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Caring for your trees to maturity

Saturday January 18 2020

Mt Elgon Guides and Porters Youth Group members Phillip Towett and Sam Shollei with Elgon Teak seedlings at the group's nursery in Trans Nzoia County.

Mt Elgon Guides and Porters Youth Group members Phillip Towett and Sam Shollei with Elgon Teak seedlings at the group's nursery in Trans Nzoia County. Planting a tree is an easy task but ensuring that it grows to maturity for you to reap the fruits of your labour is the challenge. FILE PHOTO | NATION MEDIA GROUP 

TIM WANYONYI
By TIM WANYONYI
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The Kiswahili saying, kuzaa mwana si kazi, kazi ni kulea perfectly applies to trees.

Planting a tree is the easier task. Ensuring that it grows to maturity for you to reap the fruits of your labour is the challenge. This is more so if you are away from your farm most of the time.

A young tree has many enemies. Insects, rodents, bigger animals and the weather. It has to be watered and protected from all these dangers.

But the greatest danger to your dreams can also be people — neighbours, strangers and own relatives. So, how does one handle such dangers?

Just a day after I planted these Elgon Teak and other seedlings in Munyikana village in Webuye, Bungoma County, in 2009, they all vanished. I was puzzled. How could trees decide to grow legs and walk quietly away from me?

Determined to find out, I reported to the coordinator of the Nyumba Kumi community policing.

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“Give me a few days. I will ask around and get back to you,” he said. Two days later, the Nyumba Kumi official came to see me.

“Come with me,” he said. He led me to a homestead not far from my farm.

There, behind a simba (hut) belonging to one of the young men of the home, were my trees, freshly replanted.

The simba’s owner was not at home but his elderly mother was. Her son, she said, must have bought the trees from a notorious chang’aa den in the neighbourhood.

CULPRITS COLLUDE WITH BROKERS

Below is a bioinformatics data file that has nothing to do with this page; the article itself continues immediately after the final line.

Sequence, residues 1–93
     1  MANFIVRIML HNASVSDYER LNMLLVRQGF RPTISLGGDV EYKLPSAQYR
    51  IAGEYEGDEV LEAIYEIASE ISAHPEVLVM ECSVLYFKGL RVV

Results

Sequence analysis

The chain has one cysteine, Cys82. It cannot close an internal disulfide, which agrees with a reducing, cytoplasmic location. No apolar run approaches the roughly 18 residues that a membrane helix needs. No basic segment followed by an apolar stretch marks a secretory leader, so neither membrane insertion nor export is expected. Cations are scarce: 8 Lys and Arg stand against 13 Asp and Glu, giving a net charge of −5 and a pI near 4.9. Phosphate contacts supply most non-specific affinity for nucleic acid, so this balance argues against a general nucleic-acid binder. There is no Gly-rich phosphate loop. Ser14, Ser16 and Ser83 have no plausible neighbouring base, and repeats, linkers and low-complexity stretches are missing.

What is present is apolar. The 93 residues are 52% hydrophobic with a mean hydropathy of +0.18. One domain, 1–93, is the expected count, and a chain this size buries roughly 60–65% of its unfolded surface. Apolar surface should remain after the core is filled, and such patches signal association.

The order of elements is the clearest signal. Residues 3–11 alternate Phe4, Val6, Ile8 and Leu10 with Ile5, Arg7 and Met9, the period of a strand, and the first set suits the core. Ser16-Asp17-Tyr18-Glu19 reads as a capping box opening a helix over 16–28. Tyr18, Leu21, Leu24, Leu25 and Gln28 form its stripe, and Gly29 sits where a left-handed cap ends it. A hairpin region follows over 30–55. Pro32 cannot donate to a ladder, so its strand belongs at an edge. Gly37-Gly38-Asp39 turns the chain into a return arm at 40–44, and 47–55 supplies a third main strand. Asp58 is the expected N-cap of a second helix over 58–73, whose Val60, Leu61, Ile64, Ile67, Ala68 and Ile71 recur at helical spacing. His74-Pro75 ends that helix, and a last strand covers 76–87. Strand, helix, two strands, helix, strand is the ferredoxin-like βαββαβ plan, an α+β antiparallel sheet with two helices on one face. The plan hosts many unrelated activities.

Here, petty criminals exchange their loot fot shots of the liquor. I left after telling her I was headed to the police station to fetch officers.

Instead, I went to Kapchai where I spent the night. When I returned the following day, my trees had walked back home and each was in the exact space I had planted them.

Theft of trees is a challenge to agroforestry farmers. If they are not stolen as seedlings, thieves will wait until they mature.

I know a friend who lost a five-acre plantation of blue gum trees to thieves. The culprits collude with brokers and timber or firewood merchants. Some are insiders.

For years, one such person gave me grief in Kapchai. We were neighbours, so he would be watching as I planted my trees.

Once they were ready, he would be the first person to cut them down to sell to brick makers and brokers in the firewood industry. Eventually, he started a firewood business using my trees as stock.

I had many face-offs with him and his customers. Sometimes, I used administrators to recover the logs he had sold from his clients. At some point, I realised that short of having him jailed, my efforts were futile.

Then one day, I had a brainwave. Why not enable him to plant and care for his own trees? His farm was larger than mine and had lots of space for trees.

From then on, for every 100 trees I plant, I donate 10 to him. By the time mine mature, his will also be ready. He has stopped bothering my trees.